Adam Davies

Nature & Manmade – Amalgamated

Essay by the curator Eric Hope on nature, architecture, and modernism.

Published Fall 2015, East City Art Magazine

The hazy sunlight washing through the trestles of the Shepardstown’s Norfolk Southern Potomac River Bridge is a sight few would think to ponder. For Adam Davies, locales like this one represent invitations for contemplation-moments in space where the footprint of man intersects with the natural world. His unadorned images of bridges, culverts and streambeds lack the photo-shopped hyper­reality present in some modern photography. This simplicity is hypnotic, slowly pulling you into the image and gently bumping up against your emotions. I recently sat down with our EMULSION 2013 winner and 2015 DC Artbank inductee to discuss his approach to photography and why these images strike such emotional chords.

Davies’ interest in the still image and fascination with history overlapped in college, where he earned degrees in both studio arts and history. He next pursued a Master’s of Education (and landed a position at the National Gallery of Art) but when the time came to determine the overall arc of his working career-academia or visual arts-Davies knew he would ultimately be more fulfilled creating art than lecturing in a classroom, so back to college he went for an MFA degree. Both educational paths have turned out to inform his work in crucial ways. From a fine art’s perspective, Davies notes he’s among the last generation of photographers to be immersed in pre-digital techniques. Likewise his love of history, archives and museums covers his images with a chronological, documentary-style sheen.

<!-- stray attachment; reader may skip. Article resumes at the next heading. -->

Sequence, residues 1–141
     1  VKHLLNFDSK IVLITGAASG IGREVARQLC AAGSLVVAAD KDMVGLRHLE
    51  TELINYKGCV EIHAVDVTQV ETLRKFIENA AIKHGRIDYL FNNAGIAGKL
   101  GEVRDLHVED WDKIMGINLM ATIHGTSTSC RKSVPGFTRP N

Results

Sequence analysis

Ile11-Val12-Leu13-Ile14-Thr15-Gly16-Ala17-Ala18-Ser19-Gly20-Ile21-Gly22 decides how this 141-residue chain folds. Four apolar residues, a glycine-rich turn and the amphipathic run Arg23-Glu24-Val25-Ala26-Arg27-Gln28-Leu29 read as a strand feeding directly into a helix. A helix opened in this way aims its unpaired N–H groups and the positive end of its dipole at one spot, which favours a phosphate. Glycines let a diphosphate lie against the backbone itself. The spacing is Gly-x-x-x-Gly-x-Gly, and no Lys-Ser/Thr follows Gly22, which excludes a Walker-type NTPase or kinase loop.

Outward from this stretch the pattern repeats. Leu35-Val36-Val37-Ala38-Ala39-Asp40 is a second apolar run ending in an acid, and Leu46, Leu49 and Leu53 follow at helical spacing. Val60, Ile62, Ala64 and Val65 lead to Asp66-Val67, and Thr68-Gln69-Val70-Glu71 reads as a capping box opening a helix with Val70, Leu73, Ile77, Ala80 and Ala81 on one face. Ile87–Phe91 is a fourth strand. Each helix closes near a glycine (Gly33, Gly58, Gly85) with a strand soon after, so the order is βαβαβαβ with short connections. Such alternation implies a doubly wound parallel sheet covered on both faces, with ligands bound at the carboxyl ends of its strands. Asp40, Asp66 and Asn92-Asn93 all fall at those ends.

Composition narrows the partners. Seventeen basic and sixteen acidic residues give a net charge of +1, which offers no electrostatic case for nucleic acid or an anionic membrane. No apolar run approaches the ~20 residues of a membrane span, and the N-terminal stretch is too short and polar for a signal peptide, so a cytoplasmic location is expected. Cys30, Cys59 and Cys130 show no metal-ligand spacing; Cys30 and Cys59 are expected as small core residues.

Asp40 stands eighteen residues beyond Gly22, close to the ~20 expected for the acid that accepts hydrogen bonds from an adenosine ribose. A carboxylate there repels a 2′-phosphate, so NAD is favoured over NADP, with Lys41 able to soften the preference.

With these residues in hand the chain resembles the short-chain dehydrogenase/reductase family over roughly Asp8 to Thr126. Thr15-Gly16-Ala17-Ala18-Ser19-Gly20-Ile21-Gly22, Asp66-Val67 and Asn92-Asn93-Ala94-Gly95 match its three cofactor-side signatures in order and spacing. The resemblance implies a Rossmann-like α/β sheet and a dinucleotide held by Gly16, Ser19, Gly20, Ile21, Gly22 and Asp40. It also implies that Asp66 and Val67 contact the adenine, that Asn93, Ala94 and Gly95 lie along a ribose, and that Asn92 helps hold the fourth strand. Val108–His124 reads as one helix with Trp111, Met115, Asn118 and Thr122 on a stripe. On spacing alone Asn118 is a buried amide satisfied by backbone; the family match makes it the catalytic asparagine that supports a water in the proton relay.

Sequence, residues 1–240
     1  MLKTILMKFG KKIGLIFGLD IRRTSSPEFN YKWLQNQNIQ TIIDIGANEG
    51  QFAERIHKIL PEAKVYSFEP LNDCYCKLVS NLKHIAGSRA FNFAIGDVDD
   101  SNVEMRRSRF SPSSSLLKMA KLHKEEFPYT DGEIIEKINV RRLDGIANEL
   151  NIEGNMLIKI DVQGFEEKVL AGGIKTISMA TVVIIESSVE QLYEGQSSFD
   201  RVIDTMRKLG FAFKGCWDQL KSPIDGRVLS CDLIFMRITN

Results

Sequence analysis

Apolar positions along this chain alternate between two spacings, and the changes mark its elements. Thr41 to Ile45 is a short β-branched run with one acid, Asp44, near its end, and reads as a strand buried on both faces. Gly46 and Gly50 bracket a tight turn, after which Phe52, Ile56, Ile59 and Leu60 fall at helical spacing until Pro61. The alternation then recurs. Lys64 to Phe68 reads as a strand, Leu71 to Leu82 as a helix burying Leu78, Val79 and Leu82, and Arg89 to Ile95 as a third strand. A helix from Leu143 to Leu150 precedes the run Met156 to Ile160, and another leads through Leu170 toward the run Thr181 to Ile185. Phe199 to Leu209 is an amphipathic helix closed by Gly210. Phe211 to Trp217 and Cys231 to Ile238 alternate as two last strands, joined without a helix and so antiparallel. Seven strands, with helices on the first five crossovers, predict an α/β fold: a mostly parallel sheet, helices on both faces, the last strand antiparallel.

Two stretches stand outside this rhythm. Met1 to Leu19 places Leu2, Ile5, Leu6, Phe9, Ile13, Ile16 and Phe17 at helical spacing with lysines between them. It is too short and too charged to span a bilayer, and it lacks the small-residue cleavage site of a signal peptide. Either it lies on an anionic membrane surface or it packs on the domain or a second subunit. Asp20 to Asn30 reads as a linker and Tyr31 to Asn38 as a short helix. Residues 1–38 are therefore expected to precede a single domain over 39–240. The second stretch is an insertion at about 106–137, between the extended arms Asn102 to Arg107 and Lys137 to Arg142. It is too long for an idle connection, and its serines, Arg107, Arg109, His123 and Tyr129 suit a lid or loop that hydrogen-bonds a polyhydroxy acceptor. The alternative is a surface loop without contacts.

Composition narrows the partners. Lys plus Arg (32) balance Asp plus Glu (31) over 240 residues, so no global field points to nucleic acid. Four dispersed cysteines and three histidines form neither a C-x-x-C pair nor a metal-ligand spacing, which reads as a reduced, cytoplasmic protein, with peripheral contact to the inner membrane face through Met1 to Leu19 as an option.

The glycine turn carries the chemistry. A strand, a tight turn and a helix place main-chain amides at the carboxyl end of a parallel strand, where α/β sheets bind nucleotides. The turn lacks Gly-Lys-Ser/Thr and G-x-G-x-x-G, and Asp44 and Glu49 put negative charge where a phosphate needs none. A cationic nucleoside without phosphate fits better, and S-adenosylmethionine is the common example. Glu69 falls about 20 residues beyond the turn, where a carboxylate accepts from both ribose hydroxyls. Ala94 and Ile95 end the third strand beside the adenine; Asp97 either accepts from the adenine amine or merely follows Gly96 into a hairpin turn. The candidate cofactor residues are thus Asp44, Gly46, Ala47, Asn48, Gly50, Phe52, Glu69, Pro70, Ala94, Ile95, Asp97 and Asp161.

For most of us a walk along a riverbank, is a merely a pleasant pastime; for Davies it represents a hunting expedition. The artist is keenly interested in the notion that, all of what we think of as nature is often manmade, especially in the Northeastern and Mid-Atlantic states. In Davies’ view, structures conceived and labored over by engineers don’t mar the landscape so much as merge with it at times overwhelming it before being subsumed back by the undergrowth or erosion. There is a sense of the mundane to these structures which suits his needs perfectly. Rather than looking for architecture built by the latest starchitects, he seeks out humble structures designed with pragmatism rather than designer flourishes. The Kelly Avenue underpass in Baltimore would unlikely win any architecture awards, yet for the artist there is an inherent, aesthetic beauty in the architect’s vision that resonates on a fundamental level.